Nine U.S. soldiers were killed in the attack, mainly in the observation post, including platoon leader First Lieutenant Jonathan P. Brostrom, 24, of Hawaii. Between 21 and 52 militants were reported killed with another 20 to 40 wounded, but coalition forces found only two Taliban bodies after the battle. The attack was the highest death toll for American troops in the country since Operation Red Wing three years earlier.
The Army was sufficiently agitated that an 800-page report was generated, detailing the operational missteps involved in placing a single, unsupported platoon in an indefensible position in the midst of a hyper-religious, illiterate and hostile population. Former WaPo journalist Thomas Ricks wrote an analytical series based on the report that was harshly critical of brigade and divisional leadership.
Yesterday the Post personalized the fight in the name of young Lieutenant Jonathan Brystrom, 2nd Platoon Leader, “brave, reckless, impulsive” and 24 years old forever. Tonight CBS News – Walter Cronkite’s outfit – will run a special on Wanat, emphasizing the debacle even as the president and his advisers mull over the forward commander’s request for additional forces.
As analogues go, Wanat plays somewhat poorly as Tet. The Taliban were repulsed with very high casualties, but the combat outpost was abandoned. Unlike the Viet Cong after Tet, the Taliban movement remains unbroken. But although 2nd Platoon and it’s ANA allies suffered 75% casualties – a shocking rate for a successful defense, and a testament to the bravery of the soldiers that served there – at the end of the day 9 good men fell in battle, never to rise again. Each loss is a personal tragedy, but in proportion Tet was a far more significant campaign, with over 28,000 allied casualties including over 6000 killed in action.
But to dither over the tactical is to miss the strategic. General Stanley McChrystal has unveiled a new strategy that involves a more classic COIN “oil spot” strategy of clear, hold and build. This strategy places the protection of the Afghan population as its main effort, relegating kinetic engagement of hostile forces as a by-product of troop presence in protected areas. A more or less static defense over large areas will require many more soldiers than he currently deploys in sweeping operations from Forward Operating Bases and platoon-sized interdiction missions from Combat Outposts.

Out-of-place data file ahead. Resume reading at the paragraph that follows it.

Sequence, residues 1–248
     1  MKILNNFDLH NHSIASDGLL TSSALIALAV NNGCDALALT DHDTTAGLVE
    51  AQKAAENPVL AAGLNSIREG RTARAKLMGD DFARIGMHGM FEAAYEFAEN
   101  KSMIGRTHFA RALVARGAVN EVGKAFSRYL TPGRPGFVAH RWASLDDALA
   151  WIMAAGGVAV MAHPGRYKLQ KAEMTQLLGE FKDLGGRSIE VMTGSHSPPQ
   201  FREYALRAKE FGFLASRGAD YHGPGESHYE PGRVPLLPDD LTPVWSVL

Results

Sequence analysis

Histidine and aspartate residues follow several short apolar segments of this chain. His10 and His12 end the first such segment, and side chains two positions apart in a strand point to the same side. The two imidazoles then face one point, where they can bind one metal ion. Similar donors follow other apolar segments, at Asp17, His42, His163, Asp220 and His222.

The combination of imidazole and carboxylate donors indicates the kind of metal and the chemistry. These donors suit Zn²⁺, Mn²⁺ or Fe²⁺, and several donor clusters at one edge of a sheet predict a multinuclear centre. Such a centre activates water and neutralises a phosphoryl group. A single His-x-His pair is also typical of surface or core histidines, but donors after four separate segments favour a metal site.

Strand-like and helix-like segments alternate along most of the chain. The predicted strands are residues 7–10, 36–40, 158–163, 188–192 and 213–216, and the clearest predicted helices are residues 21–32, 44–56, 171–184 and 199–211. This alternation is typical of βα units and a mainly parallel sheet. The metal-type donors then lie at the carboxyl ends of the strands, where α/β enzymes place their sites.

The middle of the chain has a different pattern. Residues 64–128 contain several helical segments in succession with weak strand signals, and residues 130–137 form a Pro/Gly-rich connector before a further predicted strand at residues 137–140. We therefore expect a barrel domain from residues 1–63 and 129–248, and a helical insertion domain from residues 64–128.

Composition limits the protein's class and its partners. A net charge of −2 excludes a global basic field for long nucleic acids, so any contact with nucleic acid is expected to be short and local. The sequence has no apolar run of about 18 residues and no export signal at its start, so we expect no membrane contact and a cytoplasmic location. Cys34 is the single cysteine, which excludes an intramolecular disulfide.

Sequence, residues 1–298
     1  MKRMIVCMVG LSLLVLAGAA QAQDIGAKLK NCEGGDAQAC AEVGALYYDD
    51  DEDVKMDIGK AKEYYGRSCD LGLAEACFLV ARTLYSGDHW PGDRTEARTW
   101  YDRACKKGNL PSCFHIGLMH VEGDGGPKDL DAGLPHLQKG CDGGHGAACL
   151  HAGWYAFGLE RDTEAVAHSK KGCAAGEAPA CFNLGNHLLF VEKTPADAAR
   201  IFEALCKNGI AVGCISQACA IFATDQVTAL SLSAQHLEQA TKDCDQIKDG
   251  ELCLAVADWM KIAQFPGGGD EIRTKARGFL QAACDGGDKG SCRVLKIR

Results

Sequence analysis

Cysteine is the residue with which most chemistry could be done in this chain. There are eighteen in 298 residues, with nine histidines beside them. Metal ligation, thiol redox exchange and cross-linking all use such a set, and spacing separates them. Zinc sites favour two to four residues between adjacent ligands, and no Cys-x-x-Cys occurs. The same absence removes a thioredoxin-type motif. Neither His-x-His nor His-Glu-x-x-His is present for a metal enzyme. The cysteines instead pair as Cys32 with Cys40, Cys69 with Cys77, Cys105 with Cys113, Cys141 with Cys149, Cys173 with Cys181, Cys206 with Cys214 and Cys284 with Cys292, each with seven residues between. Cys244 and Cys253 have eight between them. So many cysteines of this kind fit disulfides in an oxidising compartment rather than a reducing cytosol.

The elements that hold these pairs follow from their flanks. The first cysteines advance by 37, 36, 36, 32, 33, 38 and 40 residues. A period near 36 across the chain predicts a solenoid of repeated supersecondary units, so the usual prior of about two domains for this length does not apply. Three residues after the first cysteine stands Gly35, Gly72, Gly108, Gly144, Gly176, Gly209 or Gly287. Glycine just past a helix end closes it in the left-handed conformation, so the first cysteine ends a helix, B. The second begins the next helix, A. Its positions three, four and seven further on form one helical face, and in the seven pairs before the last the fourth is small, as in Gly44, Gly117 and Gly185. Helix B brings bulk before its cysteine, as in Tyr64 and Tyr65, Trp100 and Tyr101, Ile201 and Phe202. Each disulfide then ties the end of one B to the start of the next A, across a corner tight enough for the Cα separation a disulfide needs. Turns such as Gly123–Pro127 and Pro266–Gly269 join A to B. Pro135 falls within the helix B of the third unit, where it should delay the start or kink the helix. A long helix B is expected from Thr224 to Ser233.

The media has a compelling need to help shape the public debate over Afghanistan. Their interest on last year’s battle makes for good history, but poor decision shaping. The questions they should be asking have less to do with last year’s physical terrain, and more to do with this year’s human terrain: Clear, hold and build worked well when adopted and resourced in the urban enclaves of Iraq, but the Afghan population is far more agrarian and widely dispersed. They are, in the aftermath of a more than ordinarily corrupt national election, manifestly dissatisfied with their government in Kabul.
The media ought to ask not whether 40,000 new troops is too many, but whether it is too few.
They ought to ask Washington, if it is to deny the general’s request for forces, what the alternate strategy will be, and follow up with penetrating questions on how exactly that strategy will add to our security.
Facing a number of difficult issues, some of which were indeed inherited – but many of which were self-inflicted – the administration has been given a friendly pass from the Washington press corps for some nine months now. But something has to change in Afghanistan, and it has to change soon. When change comes, it will come at the direction of today’s National Command Authority. Our political, military and media strategy going forward with troops fighting and dying requires something more than collegial good will and press room conviviality and it involves more than muck raking last year’s missteps. This is far too important to get wrong.
With 100,000 coalition forces already deployed to Afghanistan, the media’s focused coverage of a combat engagement of one platoon on 13 July 2008 makes for compelling theater, but not much else. Warfare is almost irreducibly complex. It will be tempting for many watching and reading to go from this specific enagement and draw sweeping conclusions about our prospects in Afghanistan.
Just as in 1968, those conclusions may be misinformed.